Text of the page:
Note that these arguments do not imply that Christianity is false. Rather, they imply that if we wish to prove the truth of Christianity, we cannot rely so easily upon abductive arguments based on biblical accounts and ‘commonsense’ historical standards. The wider issue here is that there are a host of epistemological issues which must be engaged with if we are to draw any sort of rigorous conclusion. Moreover, as Ahmed shows, they present a particular problem for belief.
This problem, however, can possibly circumvented by taking stock of our notion of warrant. There are two considerations here, which are not entirely divorced from one another: firstly, just what are the conditions for warrant and why are they so; and secondly, when can we be morally justified in holding a belief in general? The first question is one for epistemologists, which I am not. The pertinent issue here, however, is that warrant has an ethical relevance. As such, the first question takes place against the backdrop of the second.
When we make a claim about the warrantedness of a belief, we are generally implicitly claiming something along these lines:
That there is some property, ‘warrant’, which is distinct from truth, that links a belief to truth in such a way that holding it is permitted (or possibly even obligated) according to some distinct ethics of belief which requires the knower to maximise the number of true beliefs, or at least minimise the number of false ones, in the set of beliefs which they hold, and that this property is a necessary condition for such an ethical status.
Note that this notion does not presuppose anything about the nature of the conditions for the possession of warrant, the objectivity of the property or ethics in general, nor about realism with regards to either of these things.
We might want to ask whether warrant itself has an ethical or normative component: is warrant derived from the normative framework which guides us to hold warranted beliefs over unwarranted beliefs? We might want to also question the necessary condition clause. That is, we might want to ask: are we ever justified in belief where we are not warranted?
The answer to the first question is not particularly obvious: on the one hand, we might instinctively want a notion of warrant which ‘stands on its own’. Such a notion of warrant could serve as a condition for justified belief which allows us to avoid wider ethical and meta-ethical complications. However, take, for example, the ethical maxim conveyed by the popular phrase, “Science: it works, bitches”. This exhorts us to adopt a particular kind of empiricist standard of warrant in response to its effectiveness in attaining particular goals. This is ethically driven, rather than purely epistemological, as it is explicitly motivated by ends.
I do not think that the answer to the second question is particularly obvious either. Indeed I think that there are some fairly obvious, plausible arguments to the contrary: e.g. a hedonist might say that a person in no position of intellectual authority (say, a shopkeeper) might be justified in believing in Russell’s teapot (you can see where this is going).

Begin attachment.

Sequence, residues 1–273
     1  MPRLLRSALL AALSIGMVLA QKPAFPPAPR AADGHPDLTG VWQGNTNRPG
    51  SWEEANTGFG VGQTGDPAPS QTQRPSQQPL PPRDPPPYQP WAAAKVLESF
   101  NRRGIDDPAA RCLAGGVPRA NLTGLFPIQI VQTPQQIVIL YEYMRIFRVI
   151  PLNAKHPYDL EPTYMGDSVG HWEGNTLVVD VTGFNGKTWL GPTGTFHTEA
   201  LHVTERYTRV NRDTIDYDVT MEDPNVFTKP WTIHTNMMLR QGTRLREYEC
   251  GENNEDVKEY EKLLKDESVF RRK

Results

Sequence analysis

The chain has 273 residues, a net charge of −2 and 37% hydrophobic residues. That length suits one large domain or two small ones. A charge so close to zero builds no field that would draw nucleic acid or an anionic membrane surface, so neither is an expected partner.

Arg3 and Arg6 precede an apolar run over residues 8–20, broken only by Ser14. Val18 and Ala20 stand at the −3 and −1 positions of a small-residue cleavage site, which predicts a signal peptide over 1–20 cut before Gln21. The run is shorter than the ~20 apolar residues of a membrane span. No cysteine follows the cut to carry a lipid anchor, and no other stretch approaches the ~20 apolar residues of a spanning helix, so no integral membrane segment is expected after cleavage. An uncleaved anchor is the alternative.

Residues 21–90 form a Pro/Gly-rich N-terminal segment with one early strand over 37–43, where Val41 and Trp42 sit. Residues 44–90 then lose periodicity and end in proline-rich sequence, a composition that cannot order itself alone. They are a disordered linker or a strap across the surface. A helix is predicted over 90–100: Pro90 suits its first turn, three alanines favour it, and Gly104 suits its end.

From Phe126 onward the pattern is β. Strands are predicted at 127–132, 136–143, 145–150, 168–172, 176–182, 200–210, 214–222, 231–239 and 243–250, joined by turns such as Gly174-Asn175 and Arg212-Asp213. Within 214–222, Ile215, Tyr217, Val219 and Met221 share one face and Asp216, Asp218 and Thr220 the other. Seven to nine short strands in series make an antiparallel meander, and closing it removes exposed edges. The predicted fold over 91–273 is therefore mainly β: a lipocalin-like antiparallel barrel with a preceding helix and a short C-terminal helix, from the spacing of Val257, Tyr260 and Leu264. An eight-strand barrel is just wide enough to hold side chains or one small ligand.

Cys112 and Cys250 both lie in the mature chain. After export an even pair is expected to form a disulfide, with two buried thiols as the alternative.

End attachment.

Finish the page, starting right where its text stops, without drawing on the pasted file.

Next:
The openness of both of these questions leaves open the possibility for justified belief where warrant is not a necessary condition thereof. This opens possibilities for the apologist: the first question opens the possibility of adopting an ethics under which belief is warranted in the resurrection in spite of objections such as those raised by Hume and Ahmed. The second question raises the possibility of circumventing the question of warrant, dissolving their objections.
In development of the above point, I would like to note that this does not mean that the question of warrant can be circumvented entirely. For example, a scientist, philosopher or theologian might, as a result of their authority, have a duty to hold to a higher valuation of warrant than our shopkeeper. Equally, it may just be virtuous to value warrant. Indeed, it is quite possible that, while not a necessary condition for justified belief in a maximal form, a measure of warrant is still necessary for some or all beliefs to be justified in all cases. In fact, I believe that this is intuitively true (whether I am justified in this or not...)
This is where we might turn back to Habermas et al. Retaining their probabilistic notion of warrant, perhaps, given their arguments, we might say that the resurrection is plausible enough that belief is either warranted by virtue of some higher end to which warrant is subordinate, or justified because it fulfils a condition of warrant that is lower given other ethically-relevant factors. Both of these seem to me to be easier positions for the apologist to defend.
The obvious point to make here is that I have yet to actually produce anything concrete: under what ethical conditions might we suppose that this is the case? And could an actively persuasive case be constructed based on these conditions? I will explore these questions in a later article. Watch this space.